(2)if there is, with respect to imported merchandise on which was paid any duty, tax, or fee imposed under Federal law because of its importation, any other merchandise (whether imported or domestic) that-- (A) is commercially interchangeable with such imported merchandise;and (C) before exportation or destruction - (i) is not used within the United States, and (ii) is in the possession of, including ownership while in bailment, in leased facilities, in transit to, or in any other manner under the operational control of, the party claiming drawback under this paragraph, if that party- (I) is the importer of the imported merchandise,...

Compliance with the regulations on drawback is mandatory and a condition of payment of drawback (United States v. Hardesty Co., Inc., 36 CCPA 47, C.A.D. 396 (1949); Lansing Co., Inc. v. United States, 77 Cust. Ct. 92, C.D. 4675; see also, Guess? Inc. v. United States, 944 F.2d 855, 858 (1991) ("We are dealing [in discussing drawback] with an exemption from duty, a statutory privilege due only when the enumerated conditions are met")).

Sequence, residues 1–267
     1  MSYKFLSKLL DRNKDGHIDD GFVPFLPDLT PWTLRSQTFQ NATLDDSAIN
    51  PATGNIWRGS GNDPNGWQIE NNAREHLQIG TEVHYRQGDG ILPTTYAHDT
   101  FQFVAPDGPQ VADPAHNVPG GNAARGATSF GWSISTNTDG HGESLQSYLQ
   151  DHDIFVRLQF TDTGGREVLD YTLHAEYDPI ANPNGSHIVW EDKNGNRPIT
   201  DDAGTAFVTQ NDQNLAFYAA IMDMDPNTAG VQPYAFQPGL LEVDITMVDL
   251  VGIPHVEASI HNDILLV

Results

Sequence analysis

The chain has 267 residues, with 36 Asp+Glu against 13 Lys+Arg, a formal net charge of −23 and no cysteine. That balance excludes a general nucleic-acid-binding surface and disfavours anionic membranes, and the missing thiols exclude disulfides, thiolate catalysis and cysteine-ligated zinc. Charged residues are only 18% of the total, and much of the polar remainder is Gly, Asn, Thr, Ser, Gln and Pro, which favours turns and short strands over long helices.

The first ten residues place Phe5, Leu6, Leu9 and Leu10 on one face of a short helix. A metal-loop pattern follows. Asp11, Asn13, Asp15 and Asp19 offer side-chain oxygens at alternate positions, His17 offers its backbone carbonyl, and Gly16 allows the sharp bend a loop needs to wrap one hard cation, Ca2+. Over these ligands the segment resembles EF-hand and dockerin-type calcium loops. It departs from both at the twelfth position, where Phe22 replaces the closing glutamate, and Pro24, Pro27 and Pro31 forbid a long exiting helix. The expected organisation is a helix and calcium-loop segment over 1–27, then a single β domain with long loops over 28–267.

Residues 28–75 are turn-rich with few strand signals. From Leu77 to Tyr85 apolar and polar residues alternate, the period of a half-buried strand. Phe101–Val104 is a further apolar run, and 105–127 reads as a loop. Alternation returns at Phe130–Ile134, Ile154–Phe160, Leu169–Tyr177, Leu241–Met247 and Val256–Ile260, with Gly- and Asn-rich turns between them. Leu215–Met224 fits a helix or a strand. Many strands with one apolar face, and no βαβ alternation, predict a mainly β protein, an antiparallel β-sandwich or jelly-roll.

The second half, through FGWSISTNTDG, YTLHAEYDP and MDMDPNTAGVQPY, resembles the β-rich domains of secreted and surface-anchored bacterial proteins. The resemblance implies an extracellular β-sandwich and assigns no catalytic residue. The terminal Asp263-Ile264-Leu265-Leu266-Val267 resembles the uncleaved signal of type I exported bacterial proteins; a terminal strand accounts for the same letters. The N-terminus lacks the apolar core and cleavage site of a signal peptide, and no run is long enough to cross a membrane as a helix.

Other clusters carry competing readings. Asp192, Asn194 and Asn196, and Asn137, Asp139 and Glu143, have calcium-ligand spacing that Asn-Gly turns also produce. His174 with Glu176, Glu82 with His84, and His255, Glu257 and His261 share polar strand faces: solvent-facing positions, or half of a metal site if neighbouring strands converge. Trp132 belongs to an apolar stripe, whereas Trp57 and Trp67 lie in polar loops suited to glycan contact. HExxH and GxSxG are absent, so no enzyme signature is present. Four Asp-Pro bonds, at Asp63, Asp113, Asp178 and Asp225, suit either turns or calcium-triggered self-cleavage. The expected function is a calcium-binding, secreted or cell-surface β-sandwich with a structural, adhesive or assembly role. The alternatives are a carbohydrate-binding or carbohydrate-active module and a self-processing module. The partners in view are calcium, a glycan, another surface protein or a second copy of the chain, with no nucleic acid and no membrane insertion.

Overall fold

In this case, there is insufficient evidence that tradeoff in violation of 19 CFR 191.11 occurred and furthermore, the requirements in 19 CFR 191.11 pertain to manufacturing drawback and not substitution unused merchandise drawback. The protestant was identified as the exporter of the substituted merchandise. There is no evidence that the protestant was not in possession of the substituted merchandise, whether or not the substituted merchandise was obtained through a barter arrangement. Acquisition of the substituted merchandise by means of a barter arrangement, does not preclude drawback under section 1313(j)(2).

Certified copies of the bills of lading, which show the date and fact of exportation, were provided for all of the exports, as required under 19 CFR 191.72, and the exportations occurred within three years of the date of importation of the imported merchandise.

In order to determine whether the polypropylene glycol is commercially interchangeable, an analysis of the following factors is required: